(1903 - 1975)
Beatrice Lavis Cuming was active/lived in New York, Connecticut. Beatrice Cuming is known for genre-street-dockside, illustrator.
Biography from the Archives of askART
The following is a "New York Times" art review of February, 3 1942, courtesy Ira "Bud" Hillyer of Palm Springs, California.
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A native of Brooklyn, New York, Beatrice Lavis Cuming studied locally at the Pratt Institute Art School before departing for Paris to attend the Academie Colarossi. Within two years, she was back in New York working as an illustrator and attending classes at the Art Students League in 1928-29. Following a four-year sojourn to France and North Africa, Cuming again returned to New York where she came under the influence of Charles Burchfield, Charles Sheeler and Charles Demuth.
In 1934, Cuming moved to New London, Connecticut, where she remained for the balance of her career, participating in the Public Works of Art and WPA Federal Art Projects, teaching art classes and directing the Young People's Art Program at the Lyman Allen Museum from 1937 through 1967. She exhibited widely, including solo exhibitions in New York City at the Guy Mayer Gallery (1942) and Contemporary Artists Gallery (1946) as well as various Connecticut venues culminating in retrospectives at the Lyman Allen Museum in 1968 and 1990.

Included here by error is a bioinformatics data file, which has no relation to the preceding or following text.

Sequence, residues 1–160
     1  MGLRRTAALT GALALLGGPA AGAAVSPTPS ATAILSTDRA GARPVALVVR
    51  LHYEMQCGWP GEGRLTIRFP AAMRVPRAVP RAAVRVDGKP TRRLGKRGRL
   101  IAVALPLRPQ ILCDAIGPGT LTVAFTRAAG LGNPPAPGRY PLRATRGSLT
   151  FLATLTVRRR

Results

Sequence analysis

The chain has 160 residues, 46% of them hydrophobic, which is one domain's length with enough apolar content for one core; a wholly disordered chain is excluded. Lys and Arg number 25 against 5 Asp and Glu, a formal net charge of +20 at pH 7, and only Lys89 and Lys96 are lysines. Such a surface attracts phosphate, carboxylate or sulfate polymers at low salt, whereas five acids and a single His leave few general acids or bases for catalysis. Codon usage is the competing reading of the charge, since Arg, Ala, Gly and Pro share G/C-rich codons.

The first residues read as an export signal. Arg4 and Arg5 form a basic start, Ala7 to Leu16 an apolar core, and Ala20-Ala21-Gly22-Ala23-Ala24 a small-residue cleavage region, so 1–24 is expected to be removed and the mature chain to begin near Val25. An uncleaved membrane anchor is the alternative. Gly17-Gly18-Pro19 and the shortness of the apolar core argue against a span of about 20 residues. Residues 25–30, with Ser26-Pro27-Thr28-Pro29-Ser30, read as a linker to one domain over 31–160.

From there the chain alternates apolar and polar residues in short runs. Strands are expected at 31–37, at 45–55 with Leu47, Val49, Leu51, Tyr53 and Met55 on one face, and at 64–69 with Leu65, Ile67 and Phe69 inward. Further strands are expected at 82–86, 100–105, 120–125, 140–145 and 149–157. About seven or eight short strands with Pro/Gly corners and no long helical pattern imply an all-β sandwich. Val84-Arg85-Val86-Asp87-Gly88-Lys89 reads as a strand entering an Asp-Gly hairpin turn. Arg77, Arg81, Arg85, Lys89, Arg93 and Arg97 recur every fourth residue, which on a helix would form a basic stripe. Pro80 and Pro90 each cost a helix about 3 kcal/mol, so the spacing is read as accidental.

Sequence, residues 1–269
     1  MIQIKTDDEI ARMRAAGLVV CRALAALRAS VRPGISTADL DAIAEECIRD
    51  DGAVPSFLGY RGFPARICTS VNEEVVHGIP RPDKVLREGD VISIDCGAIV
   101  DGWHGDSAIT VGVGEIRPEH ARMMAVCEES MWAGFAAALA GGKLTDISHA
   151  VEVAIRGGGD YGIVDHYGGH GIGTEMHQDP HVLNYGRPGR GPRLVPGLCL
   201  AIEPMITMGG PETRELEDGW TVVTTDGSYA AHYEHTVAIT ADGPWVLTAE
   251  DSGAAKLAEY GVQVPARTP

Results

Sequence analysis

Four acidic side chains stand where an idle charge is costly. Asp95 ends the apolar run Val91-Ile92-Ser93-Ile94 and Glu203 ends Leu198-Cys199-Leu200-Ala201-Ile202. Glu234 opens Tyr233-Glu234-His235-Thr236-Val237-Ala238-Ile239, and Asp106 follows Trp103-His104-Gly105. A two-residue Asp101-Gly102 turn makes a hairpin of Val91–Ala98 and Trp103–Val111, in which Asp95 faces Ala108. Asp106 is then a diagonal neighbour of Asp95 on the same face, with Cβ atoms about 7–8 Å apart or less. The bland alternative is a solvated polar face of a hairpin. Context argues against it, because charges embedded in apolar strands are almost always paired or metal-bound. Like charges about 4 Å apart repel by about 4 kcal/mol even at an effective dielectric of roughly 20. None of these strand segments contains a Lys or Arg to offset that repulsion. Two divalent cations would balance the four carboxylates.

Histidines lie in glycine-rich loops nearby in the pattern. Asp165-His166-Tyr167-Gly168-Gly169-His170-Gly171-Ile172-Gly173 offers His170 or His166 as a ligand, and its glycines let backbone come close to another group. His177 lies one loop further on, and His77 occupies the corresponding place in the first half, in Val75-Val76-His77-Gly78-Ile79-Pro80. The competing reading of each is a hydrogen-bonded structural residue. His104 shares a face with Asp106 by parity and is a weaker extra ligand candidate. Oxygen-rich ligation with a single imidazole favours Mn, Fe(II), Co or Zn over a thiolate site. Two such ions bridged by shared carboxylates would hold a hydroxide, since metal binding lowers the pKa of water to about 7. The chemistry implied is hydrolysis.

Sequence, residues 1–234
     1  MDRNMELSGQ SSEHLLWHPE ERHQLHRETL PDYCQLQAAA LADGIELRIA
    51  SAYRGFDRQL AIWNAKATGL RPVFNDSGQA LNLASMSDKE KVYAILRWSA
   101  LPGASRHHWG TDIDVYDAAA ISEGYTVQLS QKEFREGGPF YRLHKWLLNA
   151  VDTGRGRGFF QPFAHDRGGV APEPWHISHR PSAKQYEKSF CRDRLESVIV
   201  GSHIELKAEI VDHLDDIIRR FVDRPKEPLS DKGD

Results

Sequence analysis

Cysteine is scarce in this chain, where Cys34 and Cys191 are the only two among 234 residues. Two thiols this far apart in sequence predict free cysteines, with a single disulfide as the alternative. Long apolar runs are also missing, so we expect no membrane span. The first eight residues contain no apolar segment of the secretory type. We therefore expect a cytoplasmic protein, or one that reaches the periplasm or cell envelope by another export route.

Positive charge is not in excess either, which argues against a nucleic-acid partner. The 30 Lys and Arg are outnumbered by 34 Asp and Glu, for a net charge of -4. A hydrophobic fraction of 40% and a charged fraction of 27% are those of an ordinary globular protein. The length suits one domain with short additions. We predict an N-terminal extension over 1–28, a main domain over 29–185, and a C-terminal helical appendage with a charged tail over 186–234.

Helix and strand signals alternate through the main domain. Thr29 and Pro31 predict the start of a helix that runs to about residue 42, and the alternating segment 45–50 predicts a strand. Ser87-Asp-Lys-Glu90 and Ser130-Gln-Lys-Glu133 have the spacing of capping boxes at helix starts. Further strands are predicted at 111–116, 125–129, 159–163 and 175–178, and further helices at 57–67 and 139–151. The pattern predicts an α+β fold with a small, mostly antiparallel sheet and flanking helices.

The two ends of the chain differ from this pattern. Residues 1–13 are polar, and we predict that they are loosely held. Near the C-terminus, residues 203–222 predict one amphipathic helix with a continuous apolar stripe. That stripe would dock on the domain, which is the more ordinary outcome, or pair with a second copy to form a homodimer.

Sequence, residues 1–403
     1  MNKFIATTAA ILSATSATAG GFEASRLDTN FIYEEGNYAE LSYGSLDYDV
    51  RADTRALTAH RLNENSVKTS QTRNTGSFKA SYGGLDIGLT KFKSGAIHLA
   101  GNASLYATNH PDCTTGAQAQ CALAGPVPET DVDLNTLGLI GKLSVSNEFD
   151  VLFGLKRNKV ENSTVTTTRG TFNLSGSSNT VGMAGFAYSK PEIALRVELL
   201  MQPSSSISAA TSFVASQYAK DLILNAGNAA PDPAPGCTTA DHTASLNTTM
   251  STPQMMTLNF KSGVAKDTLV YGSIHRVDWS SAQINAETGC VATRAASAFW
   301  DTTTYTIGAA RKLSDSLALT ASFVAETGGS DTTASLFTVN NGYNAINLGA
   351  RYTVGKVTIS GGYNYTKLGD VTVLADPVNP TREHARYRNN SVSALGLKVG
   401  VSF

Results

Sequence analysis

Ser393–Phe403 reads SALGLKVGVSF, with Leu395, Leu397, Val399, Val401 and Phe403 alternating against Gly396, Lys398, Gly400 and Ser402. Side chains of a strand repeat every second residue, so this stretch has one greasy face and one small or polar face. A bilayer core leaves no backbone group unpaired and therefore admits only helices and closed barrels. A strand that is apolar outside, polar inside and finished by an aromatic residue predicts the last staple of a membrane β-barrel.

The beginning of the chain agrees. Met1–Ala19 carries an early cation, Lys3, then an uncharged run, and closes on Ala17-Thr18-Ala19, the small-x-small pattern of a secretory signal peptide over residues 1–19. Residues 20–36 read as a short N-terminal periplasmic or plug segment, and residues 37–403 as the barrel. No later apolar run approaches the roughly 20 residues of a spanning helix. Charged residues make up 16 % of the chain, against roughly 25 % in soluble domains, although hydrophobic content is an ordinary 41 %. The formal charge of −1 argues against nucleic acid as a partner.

The present work is reminiscent of Sheeler in its focus on the industrial environment and of Edward Hopper in its sense of urban isolation. The three figures in the middle ground of the painting serve in one sense to provide scale and in another to underscore industrial dominance. "Her typical subjects are buoys, drydock cradles, industrial plants, bridges, storage sheds," wrote New York Times critic Edward Alden Jewett. "Miss Cuming paints a man's world, and she does so with uncompromising vigor."
Various features of the painting provide inconsistent evidence regarding its origin. The presence of a 1931 date on the stretcher is difficult to explain, as Cuming was then in Europe. There is also a Socony (Standard Oil Company of New York) billboard on the right side of the composition. Although the artist was commissioned by Standard Oil Company in the 1940s to paint watercolors depicting company plants in Philadelphia and Lancaster, Pennsylvania, there is no evidence that the commission included oils and the Socony billboard is an inconsequential aspect of the composition. Finally, there is another separate stretcher inscription containing the artist's name above a reference to "New London," the Connecticut city to which Cuming moved in 1934. The similarity of the subject matter to some of her other New London industrial landscapes of the period suggests that the work was most likely done in that city in the mid- to late Thirties.
REFERENCES: Beatrice Cuming: 1903-1974 (exhibition catalogue with essays by William C. Bendig, Cecile S. Tyl and Barbara Zabel, Lyman Allyn Art Museum, New London, CT, 1990); Paul Manoguerra, "Beatrice Cuming" in Coming Home: American Paintings 1930-1950 from the Schoen Collection (Athens, Ga., Georgia Museum of Art, 2003), p. 111.
PROVENANCE: Nadeau's Auction Gallery, Inc., Windsor, CT.
NOTES: Inscribed in pencil "BEATRICE CUMING/ NEW LONDON" on top of strainer and "[illegible] 1931" on strainer's center support. Original 5-inch wood frame with antiqued white finish, most likely applied by the artist.
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